The initial draw to costume dramas may be that of time travel; to place oneself in history and escape from the trials of the present day. From the historical attire to the archaic technology, a period piece calls to a simpler time. Mothering Sunday, a new film from Lionsgate serves as a splendid addition to this genre.
Based on the critically-acclaimed novel by Graham Swift, Mothering Sunday follows the story of Jane Fairchild (Odessa Young), an orphaned young housekeeper for the opulent Nivens family of 1924. The Nivens family gives Jane time off for Mother’s Day and she proceeds to rendezvous with Paul Sheringham (Josh O’Connor), son of a neighboring family, who she is having an affair with. After a time to the 1940s, Jane recalls her youth and pursues her passion as a writer.
As her third feature film, Eva Husson directs Mothering Sunday with upcoming actress Odessa Young, and Josh O’Connor of The Crown, alongside other notable names such as Olivia Colman and Colin Firth. The actors appear to invoke a sense of melancholy in their appearance, with the most joy occurring as Young portrays Jane being enamored with O’Connor’s character Paul. Their performances were convincing, amid dreamy sequences of desire.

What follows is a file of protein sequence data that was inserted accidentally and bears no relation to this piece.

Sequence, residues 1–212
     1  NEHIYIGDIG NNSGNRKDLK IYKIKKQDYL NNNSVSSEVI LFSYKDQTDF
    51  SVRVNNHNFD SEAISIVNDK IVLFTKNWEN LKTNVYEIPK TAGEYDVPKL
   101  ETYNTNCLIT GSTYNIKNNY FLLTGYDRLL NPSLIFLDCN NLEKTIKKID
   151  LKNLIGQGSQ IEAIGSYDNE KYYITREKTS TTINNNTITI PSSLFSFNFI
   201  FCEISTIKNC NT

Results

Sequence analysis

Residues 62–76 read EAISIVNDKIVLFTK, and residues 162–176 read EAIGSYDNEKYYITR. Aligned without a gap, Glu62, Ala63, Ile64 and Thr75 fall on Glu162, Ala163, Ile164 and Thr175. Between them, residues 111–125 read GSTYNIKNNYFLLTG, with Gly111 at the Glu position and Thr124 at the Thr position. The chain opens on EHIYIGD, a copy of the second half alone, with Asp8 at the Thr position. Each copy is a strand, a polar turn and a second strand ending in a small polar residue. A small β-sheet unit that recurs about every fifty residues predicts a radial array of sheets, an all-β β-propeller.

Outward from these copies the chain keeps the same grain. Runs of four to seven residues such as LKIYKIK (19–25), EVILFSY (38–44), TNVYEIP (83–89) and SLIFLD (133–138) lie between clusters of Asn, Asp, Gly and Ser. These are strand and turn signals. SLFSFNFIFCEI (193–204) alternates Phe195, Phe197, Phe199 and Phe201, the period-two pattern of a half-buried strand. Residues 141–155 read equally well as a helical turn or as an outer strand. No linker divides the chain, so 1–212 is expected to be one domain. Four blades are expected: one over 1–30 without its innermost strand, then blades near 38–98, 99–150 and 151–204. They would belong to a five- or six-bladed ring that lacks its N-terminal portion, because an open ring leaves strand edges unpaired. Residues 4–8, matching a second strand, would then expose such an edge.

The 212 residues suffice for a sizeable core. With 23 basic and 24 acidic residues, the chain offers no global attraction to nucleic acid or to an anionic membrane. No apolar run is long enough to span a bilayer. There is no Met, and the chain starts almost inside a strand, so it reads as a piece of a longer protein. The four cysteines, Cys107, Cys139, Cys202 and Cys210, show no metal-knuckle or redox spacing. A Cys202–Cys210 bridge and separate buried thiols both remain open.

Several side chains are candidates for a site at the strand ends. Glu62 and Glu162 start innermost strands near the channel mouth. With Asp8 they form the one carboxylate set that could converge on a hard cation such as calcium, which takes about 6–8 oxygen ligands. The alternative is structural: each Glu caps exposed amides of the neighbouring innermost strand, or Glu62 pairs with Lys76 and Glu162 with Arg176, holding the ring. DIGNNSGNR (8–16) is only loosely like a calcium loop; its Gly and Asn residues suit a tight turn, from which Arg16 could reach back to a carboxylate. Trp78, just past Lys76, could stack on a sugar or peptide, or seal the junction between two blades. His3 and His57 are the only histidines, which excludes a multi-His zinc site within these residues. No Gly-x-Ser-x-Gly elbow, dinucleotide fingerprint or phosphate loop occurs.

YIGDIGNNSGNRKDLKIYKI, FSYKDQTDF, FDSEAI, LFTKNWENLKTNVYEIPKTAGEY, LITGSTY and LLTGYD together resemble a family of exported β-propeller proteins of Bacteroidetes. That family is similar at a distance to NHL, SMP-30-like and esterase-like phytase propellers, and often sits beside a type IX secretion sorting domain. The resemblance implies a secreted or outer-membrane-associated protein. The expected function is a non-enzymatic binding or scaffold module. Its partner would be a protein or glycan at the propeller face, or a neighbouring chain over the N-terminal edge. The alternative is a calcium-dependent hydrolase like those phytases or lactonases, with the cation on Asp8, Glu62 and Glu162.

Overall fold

The visuals of Mothering Sunday alone make the film captivating. The cinematography provides views of gorgeous countryside and ornate houses. The careful attention to historical fashion and settings of the 1920s and 1940s is nearly flawless but interrupted by sudden transitions between the two eras. Period piece enthusiasts may take delight in the visual aspects of Mothering Sunday.
With my unfamiliar perspective on period dramas (my most recent one being the Bridgerton series), Mothering Sunday is a visually stunning work that feels akin to a lazy Sunday afternoon, “a beautiful day” as Colin Firth’s character Mr. Nivens puts it, yet lackadaisical. The seemingly symbolic camera close-ups became overused and confusing as to their purpose within the plot. Surely the movie felt like time-traveling, if time travel is like that of sleepwalking, mindless and disorienting upon waking up.
It’s a shame that the progression of the story felt lost to the spontaneous artistic shots that did little to support the plot. If the constant hopping between time periods was not as abrupt, this film might have been more palatable. For those craving a period drama for purely aesthetic reasons and not for a strong narrative, Mothering Sunday may potentially satisfy you.
About Mothering Sunday
Synopsis: A maid living in post-World War I England secretly plans to meet with the man she loves before he leaves to marry another woman.
Director: Eva Husson
Writer: Alice Birch
Stars: Odessa Young, Josh O’Connor, Colin Firth
Runtime: 1 Hour, 44 Minutes
Releases: March 25, 2022 (USA)